When Nelson Mandela took the nation's helm on 26 April 1994, a rather more diplomatic six-hued flag was run up (black, green, gold, blue, white and red), which tipped a nod to the ruling ANC, the Union Jack, the Transvaal and the nation's sporting colours.

Drawing conclusions

The compromise design was - like the EU stripes - intended to reflect both diversity and unity, but was also supposed to be simple enough "that a child could draw it recognisably".

That many children already have difficulty remembering the order of the colours of the rainbow, raises the worry that the complex Koolhaas design may prove a little too taxing for young artists.

A child drawing
"And the French tricolour goes there"
Some have suggested adding stars to the existing design as new members join the EU. The United States flag has changed 27 times since the Stars and Stripes was adopted in 1777 - with 25 of those alterations made to add new stars as new states entered the Union.

The US flag now has 50 stars clustered in the top left corner - up from the original 13 - in an arrangement that would make an EU flag with 25 stars look positively sparse in comparison.

Some of your comments so far:

What a mess! It's only fit for a pub quiz question - "What are the colours of the EU flag - in the correct order?"
David Clayton, UK

I don't see why the flag would need to be changed. Have you not noticed that the current EU flag only has 12 stars, despite there being 15 member states? They stopped adding news stars a while ago, saying that 12 is "the symbol of perfect unity".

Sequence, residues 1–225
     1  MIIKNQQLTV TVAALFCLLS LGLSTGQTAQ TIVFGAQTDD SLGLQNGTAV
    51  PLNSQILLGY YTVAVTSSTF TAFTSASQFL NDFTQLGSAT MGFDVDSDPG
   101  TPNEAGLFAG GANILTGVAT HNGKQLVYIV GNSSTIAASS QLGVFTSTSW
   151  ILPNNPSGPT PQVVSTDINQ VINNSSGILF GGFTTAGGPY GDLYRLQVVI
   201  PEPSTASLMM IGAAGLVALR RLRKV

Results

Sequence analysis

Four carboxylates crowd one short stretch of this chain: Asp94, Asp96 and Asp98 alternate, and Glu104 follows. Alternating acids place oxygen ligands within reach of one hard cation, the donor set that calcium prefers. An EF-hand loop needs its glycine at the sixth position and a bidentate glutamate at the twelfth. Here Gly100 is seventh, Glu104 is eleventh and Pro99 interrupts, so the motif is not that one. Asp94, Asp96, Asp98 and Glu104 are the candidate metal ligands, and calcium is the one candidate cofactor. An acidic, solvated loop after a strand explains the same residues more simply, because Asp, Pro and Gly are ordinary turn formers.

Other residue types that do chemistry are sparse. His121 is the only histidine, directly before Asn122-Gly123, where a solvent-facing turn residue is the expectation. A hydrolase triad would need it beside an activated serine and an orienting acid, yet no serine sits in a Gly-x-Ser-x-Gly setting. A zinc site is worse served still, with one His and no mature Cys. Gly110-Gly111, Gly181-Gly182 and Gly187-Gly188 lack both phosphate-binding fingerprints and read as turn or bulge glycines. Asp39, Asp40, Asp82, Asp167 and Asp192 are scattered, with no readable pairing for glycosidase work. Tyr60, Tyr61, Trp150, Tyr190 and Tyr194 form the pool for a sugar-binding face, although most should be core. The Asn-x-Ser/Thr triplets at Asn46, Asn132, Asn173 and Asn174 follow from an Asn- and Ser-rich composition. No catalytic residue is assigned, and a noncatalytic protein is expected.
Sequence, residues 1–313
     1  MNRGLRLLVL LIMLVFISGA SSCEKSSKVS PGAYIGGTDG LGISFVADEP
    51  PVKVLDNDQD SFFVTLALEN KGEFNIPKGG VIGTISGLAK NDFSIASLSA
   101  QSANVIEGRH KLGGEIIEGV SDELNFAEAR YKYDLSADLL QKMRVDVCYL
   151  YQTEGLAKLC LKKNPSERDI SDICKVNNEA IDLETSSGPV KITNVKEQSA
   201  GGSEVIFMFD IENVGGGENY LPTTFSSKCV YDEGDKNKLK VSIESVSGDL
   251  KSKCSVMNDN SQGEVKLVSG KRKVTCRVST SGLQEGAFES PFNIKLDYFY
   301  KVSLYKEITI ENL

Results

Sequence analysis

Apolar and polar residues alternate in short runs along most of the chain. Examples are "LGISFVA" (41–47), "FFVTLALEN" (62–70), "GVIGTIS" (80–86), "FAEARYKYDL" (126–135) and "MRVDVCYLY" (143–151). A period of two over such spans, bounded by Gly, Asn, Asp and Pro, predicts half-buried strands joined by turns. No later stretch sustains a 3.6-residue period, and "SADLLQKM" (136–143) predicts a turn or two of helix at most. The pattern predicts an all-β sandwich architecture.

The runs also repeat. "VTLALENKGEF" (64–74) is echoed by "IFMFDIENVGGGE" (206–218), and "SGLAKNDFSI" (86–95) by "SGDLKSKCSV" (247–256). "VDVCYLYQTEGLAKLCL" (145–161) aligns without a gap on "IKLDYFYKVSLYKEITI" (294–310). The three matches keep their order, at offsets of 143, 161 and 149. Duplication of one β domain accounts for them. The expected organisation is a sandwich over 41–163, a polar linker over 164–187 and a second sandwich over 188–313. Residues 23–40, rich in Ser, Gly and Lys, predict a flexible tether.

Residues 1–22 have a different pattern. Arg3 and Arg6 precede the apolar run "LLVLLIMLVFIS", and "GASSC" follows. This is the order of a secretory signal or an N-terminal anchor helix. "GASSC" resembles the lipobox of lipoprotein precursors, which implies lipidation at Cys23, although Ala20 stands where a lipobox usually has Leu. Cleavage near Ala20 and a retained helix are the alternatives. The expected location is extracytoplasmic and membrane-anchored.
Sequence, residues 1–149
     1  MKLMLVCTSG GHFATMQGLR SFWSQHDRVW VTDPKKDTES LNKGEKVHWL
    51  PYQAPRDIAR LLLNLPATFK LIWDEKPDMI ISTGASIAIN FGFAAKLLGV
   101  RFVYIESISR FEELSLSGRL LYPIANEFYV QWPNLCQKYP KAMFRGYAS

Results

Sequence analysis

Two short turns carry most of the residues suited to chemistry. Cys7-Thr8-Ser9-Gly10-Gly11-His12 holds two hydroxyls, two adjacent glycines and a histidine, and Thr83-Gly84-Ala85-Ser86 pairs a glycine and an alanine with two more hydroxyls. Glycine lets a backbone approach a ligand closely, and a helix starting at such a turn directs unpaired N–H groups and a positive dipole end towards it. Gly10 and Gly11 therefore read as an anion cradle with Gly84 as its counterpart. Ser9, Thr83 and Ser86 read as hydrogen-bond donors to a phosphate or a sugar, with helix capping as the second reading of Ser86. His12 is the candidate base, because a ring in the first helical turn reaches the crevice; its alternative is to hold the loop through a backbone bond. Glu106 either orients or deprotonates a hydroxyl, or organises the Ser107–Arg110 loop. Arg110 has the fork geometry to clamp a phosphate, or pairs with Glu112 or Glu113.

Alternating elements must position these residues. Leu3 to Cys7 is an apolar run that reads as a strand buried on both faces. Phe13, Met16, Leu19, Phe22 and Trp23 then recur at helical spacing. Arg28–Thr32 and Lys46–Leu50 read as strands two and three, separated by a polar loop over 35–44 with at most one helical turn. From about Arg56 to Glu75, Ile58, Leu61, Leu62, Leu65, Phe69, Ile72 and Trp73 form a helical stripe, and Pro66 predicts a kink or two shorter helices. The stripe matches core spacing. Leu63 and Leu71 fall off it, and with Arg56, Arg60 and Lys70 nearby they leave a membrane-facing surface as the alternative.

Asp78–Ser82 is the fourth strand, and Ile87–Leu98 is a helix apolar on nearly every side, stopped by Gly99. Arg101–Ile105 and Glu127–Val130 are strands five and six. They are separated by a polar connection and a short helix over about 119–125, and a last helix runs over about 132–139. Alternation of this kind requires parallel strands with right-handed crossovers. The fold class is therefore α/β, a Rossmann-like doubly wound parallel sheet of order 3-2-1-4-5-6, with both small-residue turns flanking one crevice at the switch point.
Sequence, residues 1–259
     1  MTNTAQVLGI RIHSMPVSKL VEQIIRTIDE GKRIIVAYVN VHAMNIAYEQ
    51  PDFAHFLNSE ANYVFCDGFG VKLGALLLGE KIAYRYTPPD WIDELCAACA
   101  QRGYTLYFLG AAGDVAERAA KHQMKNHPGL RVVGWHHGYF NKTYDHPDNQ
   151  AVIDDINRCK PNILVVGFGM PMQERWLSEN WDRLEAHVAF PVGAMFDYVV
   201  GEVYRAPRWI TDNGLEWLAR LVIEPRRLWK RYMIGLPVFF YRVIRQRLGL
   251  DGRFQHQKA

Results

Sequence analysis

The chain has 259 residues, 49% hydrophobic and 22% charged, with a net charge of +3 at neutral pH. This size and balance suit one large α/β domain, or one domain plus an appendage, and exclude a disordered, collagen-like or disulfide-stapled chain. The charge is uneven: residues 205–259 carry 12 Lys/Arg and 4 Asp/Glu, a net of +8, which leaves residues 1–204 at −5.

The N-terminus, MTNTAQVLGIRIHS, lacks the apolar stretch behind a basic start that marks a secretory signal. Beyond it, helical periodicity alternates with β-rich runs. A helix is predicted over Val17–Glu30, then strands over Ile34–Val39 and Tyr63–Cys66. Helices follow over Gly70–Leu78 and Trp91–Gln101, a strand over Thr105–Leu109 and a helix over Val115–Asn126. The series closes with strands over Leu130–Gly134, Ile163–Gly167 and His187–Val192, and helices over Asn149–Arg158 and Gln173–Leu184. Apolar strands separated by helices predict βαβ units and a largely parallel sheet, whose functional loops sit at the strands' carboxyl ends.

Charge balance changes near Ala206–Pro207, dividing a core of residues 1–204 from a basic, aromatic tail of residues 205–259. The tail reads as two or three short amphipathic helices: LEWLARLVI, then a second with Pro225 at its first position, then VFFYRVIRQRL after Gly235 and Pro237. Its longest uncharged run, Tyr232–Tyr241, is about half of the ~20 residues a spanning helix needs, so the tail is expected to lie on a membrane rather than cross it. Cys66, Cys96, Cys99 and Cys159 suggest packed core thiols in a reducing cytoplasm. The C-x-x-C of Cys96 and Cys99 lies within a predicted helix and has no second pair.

Richard Thomas, UK

Keep the same flag. Just put more and smaller stars on it. The current flag and colours are pretty nice.
Braulio Mercader, Germany

It seems like a waste of money to me. What's wrong with the current flag? I'm all in favour of a united Europe, but this is the type of story which Euro-sceptics relish. Is it important that there's a star for each nation?
Mark, UK

A flag should be easily recognisable and reproducible by patriots and children alike. The proposed "bar code" style, whilst recognisable, is very hard on the eyes and very hard on artists. Something more along the lines of the Olympic movement flag might be better.
Sonya Moran, England

According to the Council of Europe the stars have a different meaning: "Against the blue sky the stars symbolize the peoples of Europe in the form of a circle, the sign of union. The number of stars is invariably 12, which is the symbol of perfection and entirety."
Wessel Geursen, France

More stars? Yes, please! If 12 is the number of perfection and entirety more stars will only bring us closer to the circle - as everybody knows, the most perfect and balanced symbol. Forget about these stupid stripes. Let's not ape the US in each and every regard!
Jens Rodmann, Germany

The idea of portraying in the same flag all the colours of the European nations is simply wonderful and very optimistic.
Dimitris Katsaros, Greece

Are you for stars or stripes? Send your comments and suggestions about a new EU flag using the form below.